Neil Breen: Good morning, Prime Minister.
Prime Minister: G’day, Breeny. How are you?
Breen: I'm very, very well, thanks. What are you trying to achieve with this today?
Prime Minister: Create more jobs and to ensure we get emissions down, to meet our commitments and importantly, to get the costs down, and particularly for industry in manufacturing and agriculture. That's what this plan does. By investing in the technologies that we're going to have in five to 10 years from now. And you've got to put the investment in right now, whether it's hydrogen or in soil carbon or carbon capture and storage, these sorts of things, that's going to get our emissions down. It's going to get our costs down for manufacturers and it's going to increase the number of jobs, we estimate, by around up to 35,000 directly. And about that, again, indirectly.
Breen: Is it hard to get them to the public to engage in it at the moment? I think the public sees things like this sometimes and their eyes glaze over.
Prime Minister: Well, you’ve got to invest early. I mean, 10 years ago, people wouldn't have dreamed, frankly, of the technologies that we're now looking at. I mean, things move very quickly. And, you know, over the last 10 years, there's been investments in a whole range of technologies and now they're commonplace. And that's what this is. This is looking forward into the future over the next 10 years and saying what do we have to invest in now so that our trucks can run cheaper, so that our buildings will be more efficient and cost less for people living in them, as well as running, you know, their offices and their factories, and to ensure that our farmers can be even more productive and have lower emissions and lower costs. And that's how you generate the jobs. But you've got to invest in that technology. You can't constrict those investments. I mean, the funds that we currently have are restricted by law just to invest in solar and wind. Now, you know, when the sun's not shining, the wind's not blowing, well, you've got to have other things as well. But you've also got to have other things that can have lower emissions. And so it's just common sense stuff, Breeny.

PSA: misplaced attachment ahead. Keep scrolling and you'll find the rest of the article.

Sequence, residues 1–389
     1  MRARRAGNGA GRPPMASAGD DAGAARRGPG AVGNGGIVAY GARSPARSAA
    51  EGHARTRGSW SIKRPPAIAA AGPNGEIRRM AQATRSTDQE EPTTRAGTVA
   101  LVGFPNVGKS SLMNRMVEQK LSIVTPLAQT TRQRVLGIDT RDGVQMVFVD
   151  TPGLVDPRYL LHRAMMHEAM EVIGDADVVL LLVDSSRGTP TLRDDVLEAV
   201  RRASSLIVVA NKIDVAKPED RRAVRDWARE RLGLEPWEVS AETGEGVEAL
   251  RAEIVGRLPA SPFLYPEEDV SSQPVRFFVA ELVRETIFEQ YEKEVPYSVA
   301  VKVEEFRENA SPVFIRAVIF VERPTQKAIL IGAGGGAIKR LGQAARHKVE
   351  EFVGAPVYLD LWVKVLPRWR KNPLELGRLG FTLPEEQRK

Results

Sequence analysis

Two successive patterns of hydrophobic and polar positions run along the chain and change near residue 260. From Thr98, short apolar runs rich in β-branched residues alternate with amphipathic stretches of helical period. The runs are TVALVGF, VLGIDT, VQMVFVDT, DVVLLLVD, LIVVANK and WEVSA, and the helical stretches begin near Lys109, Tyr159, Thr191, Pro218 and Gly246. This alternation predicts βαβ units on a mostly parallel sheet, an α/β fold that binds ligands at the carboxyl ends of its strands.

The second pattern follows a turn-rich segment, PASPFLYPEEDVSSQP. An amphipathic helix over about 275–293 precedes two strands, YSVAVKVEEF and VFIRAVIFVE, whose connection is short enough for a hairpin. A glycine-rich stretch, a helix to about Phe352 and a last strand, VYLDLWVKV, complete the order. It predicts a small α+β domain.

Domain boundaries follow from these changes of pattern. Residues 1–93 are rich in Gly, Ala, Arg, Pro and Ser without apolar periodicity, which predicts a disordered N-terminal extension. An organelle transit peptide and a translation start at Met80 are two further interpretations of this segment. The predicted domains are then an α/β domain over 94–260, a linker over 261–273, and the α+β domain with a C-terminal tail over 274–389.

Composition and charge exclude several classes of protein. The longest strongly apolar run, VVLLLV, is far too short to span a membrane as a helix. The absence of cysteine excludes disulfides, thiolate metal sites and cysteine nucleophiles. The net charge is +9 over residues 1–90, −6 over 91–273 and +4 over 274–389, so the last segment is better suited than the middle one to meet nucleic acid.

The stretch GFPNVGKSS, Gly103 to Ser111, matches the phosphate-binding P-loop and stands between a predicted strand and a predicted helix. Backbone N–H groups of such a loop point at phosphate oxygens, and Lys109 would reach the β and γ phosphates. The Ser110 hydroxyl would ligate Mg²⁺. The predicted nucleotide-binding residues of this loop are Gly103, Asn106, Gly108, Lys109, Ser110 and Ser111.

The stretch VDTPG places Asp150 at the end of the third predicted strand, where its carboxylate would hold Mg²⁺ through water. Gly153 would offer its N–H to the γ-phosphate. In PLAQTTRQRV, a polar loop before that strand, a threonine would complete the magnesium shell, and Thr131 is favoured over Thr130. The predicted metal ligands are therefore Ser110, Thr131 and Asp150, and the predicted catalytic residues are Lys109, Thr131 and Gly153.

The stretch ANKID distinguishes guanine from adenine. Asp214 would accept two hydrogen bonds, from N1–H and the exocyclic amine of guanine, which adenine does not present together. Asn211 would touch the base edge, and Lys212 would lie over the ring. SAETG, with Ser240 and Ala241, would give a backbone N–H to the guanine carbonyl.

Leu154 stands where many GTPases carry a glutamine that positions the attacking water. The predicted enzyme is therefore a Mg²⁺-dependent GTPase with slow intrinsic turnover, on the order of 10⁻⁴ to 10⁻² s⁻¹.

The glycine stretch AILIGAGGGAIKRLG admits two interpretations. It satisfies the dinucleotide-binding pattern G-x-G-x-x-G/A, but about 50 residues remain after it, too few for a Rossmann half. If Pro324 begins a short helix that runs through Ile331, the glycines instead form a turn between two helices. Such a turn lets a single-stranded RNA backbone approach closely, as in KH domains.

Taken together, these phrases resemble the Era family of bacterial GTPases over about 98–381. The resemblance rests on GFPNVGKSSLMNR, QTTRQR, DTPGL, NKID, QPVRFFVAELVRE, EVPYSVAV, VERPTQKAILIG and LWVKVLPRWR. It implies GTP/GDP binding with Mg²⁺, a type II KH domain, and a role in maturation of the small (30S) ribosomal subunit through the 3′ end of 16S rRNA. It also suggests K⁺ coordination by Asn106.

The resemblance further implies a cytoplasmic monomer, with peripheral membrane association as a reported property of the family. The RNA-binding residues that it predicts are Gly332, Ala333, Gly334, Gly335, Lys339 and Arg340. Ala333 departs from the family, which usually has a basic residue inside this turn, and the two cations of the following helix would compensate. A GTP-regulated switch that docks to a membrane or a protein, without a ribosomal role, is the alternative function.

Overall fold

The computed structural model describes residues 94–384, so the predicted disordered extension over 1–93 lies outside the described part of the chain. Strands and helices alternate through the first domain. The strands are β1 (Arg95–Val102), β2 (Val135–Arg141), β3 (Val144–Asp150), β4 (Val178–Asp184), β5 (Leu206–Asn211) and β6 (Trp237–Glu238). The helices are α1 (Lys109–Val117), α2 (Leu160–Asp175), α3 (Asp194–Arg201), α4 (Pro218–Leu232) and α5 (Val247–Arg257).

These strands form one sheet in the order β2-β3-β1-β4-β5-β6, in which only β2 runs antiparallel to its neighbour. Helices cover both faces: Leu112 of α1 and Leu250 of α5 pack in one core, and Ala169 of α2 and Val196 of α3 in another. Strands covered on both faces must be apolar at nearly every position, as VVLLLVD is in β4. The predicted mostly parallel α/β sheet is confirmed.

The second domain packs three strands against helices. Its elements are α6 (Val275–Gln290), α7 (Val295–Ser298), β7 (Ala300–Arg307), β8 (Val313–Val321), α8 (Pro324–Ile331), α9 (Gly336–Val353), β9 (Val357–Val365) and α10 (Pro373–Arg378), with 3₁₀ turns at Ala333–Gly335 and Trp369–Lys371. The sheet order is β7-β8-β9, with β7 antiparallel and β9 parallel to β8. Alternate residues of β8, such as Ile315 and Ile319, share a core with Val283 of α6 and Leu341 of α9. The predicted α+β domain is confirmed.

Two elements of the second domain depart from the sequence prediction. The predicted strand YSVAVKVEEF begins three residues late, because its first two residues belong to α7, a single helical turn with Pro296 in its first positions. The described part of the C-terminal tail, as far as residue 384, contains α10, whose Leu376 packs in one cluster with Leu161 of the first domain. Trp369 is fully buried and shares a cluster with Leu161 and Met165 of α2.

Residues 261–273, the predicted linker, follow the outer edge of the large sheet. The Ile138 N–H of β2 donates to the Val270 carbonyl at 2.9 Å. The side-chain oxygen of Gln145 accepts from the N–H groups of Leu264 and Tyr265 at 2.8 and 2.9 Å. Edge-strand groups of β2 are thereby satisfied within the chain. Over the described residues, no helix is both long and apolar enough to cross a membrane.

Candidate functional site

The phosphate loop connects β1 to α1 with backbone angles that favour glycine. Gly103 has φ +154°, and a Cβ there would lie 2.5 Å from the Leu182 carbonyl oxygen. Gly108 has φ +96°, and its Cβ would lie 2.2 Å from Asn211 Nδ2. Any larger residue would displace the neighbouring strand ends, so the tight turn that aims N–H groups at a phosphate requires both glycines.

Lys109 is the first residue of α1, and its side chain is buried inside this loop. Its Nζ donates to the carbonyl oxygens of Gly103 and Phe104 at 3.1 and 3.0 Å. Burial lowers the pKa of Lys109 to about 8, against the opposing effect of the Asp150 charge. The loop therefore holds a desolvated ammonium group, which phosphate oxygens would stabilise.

Breen: Prime Minister, would you like to talk to the people of Queensland directly about this? At the moment you can't come here unless you do 14 days in an airport motel. Do you find that an odd situation?
Prime Minister: Well, I'm not like anyone else... I'm like anyone else, I should say, Neil. I mean, there shouldn't be a double standard for the Prime Minister and others who are coming from Sydney or the ACT. I mean, I don't, I'm not asking for special rules to apply to me and I don't think special rules should apply. It's not my decision as to how they run the borders, but if there are those rules, then I'll comply with them the same as anyone else. But I do know that there should be exemptions for hardship cases. We've talked about those before and I know you've done a great job on raising those cases. So I think these things need to be sensible. They need to be compassionate and they need to be efficient and they shouldn't be permanent. They should come down when it's safe to do so. And that safety argument, I think, is getting stronger and stronger every day.